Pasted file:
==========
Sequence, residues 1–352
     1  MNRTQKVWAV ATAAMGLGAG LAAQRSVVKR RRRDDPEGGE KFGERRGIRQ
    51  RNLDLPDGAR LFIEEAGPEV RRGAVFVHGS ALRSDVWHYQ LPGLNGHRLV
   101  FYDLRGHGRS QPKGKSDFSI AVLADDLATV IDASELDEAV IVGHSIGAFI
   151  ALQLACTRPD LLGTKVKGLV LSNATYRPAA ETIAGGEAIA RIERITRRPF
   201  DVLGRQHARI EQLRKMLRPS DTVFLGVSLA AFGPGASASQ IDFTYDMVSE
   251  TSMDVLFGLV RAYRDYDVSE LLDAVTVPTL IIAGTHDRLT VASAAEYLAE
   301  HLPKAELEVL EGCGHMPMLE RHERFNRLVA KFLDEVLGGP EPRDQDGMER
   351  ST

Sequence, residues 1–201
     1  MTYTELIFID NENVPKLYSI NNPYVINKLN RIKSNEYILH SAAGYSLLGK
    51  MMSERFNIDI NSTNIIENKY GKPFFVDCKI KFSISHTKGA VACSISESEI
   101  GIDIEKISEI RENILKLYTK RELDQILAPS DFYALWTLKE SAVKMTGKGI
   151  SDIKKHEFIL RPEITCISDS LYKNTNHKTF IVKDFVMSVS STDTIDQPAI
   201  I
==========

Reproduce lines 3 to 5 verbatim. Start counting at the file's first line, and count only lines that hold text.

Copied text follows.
    51  RNLDLPDGAR LFIEEAGPEV RRGAVFVHGS ALRSDVWHYQ LPGLNGHRLV
   101  FYDLRGHGRS QPKGKSDFSI AVLADDLATV IDASELDEAV IVGHSIGAFI
   151  ALQLACTRPD LLGTKVKGLV LSNATYRPAA ETIAGGEAIA RIERITRRPF